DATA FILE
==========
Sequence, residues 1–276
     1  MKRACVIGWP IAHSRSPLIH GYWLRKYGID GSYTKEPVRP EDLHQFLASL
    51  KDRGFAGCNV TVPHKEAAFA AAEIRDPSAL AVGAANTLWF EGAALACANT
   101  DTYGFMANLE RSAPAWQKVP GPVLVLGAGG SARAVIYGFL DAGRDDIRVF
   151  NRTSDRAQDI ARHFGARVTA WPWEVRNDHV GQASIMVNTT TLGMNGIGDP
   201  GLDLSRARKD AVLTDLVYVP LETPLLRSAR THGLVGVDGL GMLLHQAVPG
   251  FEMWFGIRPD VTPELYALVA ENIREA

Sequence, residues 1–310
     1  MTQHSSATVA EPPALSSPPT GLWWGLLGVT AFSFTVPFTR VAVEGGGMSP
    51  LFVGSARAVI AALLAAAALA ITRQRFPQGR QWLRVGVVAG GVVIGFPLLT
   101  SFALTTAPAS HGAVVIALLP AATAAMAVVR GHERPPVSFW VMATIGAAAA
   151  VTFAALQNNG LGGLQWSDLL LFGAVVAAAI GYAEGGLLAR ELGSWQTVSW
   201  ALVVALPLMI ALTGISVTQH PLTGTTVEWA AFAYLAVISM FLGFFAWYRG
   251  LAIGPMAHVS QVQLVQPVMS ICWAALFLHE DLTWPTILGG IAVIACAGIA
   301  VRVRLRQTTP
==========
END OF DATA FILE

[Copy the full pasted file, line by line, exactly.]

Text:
Sequence, residues 1–276
     1  MKRACVIGWP IAHSRSPLIH GYWLRKYGID GSYTKEPVRP EDLHQFLASL
    51  KDRGFAGCNV TVPHKEAAFA AAEIRDPSAL AVGAANTLWF EGAALACANT
   101  DTYGFMANLE RSAPAWQKVP GPVLVLGAGG SARAVIYGFL DAGRDDIRVF
   151  NRTSDRAQDI ARHFGARVTA WPWEVRNDHV GQASIMVNTT TLGMNGIGDP
   201  GLDLSRARKD AVLTDLVYVP LETPLLRSAR THGLVGVDGL GMLLHQAVPG
   251  FEMWFGIRPD VTPELYALVA ENIREA

Sequence, residues 1–310
     1  MTQHSSATVA EPPALSSPPT GLWWGLLGVT AFSFTVPFTR VAVEGGGMSP
    51  LFVGSARAVI AALLAAAALA ITRQRFPQGR QWLRVGVVAG GVVIGFPLLT
   101  SFALTTAPAS HGAVVIALLP AATAAMAVVR GHERPPVSFW VMATIGAAAA
   151  VTFAALQNNG LGGLQWSDLL LFGAVVAAAI GYAEGGLLAR ELGSWQTVSW
   201  ALVVALPLMI ALTGISVTQH PLTGTTVEWA AFAYLAVISM FLGFFAWYRG
   251  LAIGPMAHVS QVQLVQPVMS ICWAALFLHE DLTWPTILGG IAVIACAGIA
   301  VRVRLRQTTP